Considering the entire time frame of the study, there is an increasing interest in the field of yellow fever, reflected by the highest number of publications already in the early years of the 20th century. However, there is, despite of the overall lower level an slight increase in the amount of publications until 2010. How can we explain this increased scientific interest in the early years of the 20th century, this rapid increase in scientific publications and this development of literature during this period? The answer required a historical review on the investigation of the yellow fever disease. One reason is probably the groundbreaking discoveries of the US-American pathologist and microbiologist Walter Reed. Reed was able to prove that the yellow fever virus is a filterable agent transmissible from mosquito bites . Through his important research results, yellow fever could be brought under control due to the enhanced protection of mosquito bites with mosquito nets. A further increase in publication numbers could be determined in 1929, 1943 and 2010. One explanation for these incidents could be that the yellow fever virus was isolated first in West Africa in 1927 , in 1937 the first vaccine was explored by the biologist Max Theiler , and in 1943 there was a yellow fever epidemic in Bolivia and in 2008 in Paraguay [30, 31]. Furthermore a slight but continuous increase in the number of publications is noted from the 1990's until 2010. New computer technologies and communication via World Wide Web could also be responsible for this increase of publications since 1990.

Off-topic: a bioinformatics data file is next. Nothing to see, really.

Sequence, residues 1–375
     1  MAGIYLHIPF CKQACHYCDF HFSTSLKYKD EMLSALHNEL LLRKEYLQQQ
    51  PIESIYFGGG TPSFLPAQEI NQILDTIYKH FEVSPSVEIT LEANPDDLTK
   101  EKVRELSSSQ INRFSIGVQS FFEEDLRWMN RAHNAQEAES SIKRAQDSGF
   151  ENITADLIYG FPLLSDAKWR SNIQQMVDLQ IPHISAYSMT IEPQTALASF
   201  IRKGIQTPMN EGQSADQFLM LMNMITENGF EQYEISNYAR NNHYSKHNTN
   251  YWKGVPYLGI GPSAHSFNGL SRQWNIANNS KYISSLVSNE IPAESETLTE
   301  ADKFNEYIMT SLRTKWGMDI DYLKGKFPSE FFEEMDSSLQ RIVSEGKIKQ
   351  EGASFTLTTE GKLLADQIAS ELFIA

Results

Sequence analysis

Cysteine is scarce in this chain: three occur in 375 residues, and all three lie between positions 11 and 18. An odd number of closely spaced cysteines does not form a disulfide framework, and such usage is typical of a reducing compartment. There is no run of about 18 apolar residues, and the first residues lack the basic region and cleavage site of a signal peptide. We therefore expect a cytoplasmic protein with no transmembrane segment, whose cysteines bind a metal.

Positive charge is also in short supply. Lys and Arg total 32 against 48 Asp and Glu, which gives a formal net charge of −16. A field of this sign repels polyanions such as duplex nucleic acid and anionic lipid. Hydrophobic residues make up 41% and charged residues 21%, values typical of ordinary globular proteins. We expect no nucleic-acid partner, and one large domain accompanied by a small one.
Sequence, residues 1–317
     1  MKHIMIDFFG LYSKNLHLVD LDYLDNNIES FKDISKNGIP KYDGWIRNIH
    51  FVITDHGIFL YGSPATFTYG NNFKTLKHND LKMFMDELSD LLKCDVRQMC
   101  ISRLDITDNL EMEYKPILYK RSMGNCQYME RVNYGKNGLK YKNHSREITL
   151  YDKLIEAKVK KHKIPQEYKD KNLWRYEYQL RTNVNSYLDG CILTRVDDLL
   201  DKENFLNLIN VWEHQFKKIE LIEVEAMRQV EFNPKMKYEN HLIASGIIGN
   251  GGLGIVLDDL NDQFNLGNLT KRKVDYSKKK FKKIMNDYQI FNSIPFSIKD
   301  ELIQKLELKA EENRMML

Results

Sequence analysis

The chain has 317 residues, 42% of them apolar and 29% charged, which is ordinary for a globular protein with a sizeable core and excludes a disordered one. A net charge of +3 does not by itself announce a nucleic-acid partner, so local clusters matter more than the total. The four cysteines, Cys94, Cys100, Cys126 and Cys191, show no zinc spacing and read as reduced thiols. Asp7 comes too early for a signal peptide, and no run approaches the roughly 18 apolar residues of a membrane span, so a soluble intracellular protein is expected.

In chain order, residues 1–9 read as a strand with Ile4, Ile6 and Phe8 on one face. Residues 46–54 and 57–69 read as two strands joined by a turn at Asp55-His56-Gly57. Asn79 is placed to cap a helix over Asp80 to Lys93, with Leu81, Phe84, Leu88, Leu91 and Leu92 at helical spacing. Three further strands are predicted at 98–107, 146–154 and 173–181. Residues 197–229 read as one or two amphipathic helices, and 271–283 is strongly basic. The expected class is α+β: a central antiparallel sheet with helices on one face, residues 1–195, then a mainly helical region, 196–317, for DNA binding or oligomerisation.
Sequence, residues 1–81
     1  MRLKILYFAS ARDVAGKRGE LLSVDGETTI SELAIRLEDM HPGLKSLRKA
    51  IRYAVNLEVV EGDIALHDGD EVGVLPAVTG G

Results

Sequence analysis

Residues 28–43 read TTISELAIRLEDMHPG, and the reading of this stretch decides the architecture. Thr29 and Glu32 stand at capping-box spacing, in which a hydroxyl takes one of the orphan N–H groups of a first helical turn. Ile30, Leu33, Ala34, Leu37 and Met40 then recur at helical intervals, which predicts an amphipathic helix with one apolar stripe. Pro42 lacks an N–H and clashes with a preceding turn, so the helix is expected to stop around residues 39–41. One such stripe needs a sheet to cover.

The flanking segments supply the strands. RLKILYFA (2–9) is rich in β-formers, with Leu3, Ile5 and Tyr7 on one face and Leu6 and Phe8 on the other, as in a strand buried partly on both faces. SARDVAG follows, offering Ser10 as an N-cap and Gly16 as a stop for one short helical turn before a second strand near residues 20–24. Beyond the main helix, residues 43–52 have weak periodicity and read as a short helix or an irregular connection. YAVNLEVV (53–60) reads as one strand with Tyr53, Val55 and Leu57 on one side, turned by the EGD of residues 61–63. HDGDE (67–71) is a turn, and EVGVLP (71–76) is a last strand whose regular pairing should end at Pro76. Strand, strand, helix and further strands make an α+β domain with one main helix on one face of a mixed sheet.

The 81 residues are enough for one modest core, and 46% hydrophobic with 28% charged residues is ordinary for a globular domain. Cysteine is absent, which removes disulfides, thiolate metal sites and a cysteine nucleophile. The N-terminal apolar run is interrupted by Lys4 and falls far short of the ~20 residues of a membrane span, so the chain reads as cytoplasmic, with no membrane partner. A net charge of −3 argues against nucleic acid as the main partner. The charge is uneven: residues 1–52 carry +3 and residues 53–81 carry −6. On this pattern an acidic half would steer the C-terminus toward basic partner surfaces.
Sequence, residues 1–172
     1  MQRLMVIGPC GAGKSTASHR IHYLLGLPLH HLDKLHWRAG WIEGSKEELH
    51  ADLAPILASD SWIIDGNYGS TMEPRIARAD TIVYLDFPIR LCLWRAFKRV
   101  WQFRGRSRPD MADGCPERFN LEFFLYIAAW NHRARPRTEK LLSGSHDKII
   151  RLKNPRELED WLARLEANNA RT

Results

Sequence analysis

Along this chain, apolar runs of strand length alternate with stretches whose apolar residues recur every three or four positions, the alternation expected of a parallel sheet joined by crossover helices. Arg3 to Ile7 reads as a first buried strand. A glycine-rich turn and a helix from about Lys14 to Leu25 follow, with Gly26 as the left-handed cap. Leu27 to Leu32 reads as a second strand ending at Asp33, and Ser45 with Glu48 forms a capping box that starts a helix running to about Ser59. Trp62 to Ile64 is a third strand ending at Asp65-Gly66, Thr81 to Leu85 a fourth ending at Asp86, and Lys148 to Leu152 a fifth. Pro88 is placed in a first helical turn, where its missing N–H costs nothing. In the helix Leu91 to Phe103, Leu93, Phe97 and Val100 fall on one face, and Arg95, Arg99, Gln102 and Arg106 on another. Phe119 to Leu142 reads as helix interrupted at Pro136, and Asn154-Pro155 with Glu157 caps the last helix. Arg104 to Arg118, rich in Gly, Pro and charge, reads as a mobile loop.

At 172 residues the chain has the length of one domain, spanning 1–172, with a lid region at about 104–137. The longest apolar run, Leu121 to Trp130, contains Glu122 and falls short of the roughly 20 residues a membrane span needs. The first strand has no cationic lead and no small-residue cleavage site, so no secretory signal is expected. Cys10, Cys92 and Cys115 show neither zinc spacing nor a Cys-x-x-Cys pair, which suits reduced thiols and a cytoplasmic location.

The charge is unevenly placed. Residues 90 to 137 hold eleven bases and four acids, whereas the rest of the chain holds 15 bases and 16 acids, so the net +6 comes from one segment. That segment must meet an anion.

The analysis of a country-specific manner showed the USA being the country with a leading position in the international publication effort (Figure 2a+b). This may depend on the fact that the USA are equipped with most of the national research institutions (Figure 4a+b). The USA also have a predominant position in the national as well as the international cooperation (Figures 3+4c). Important is also the reputation of a country regarding it’s scientific research. Thus, foreign scientists have a greater interest for carrying out their research in highly esteemed countries as the USA or the United Kingdom because they can conduct their research at likewise prestigious institutions in these countries. Some countries like Columbia, Canada or India collaborate on a relatively low level compared to their number of publications. Other countries like Bolivia, China or Burkina Faso show the opposite results. A high degree of international cooperation usually means a higher number of citations because publications of an international cooperation usually lead to a higher impact compared to items from only one country [24, 32, 33].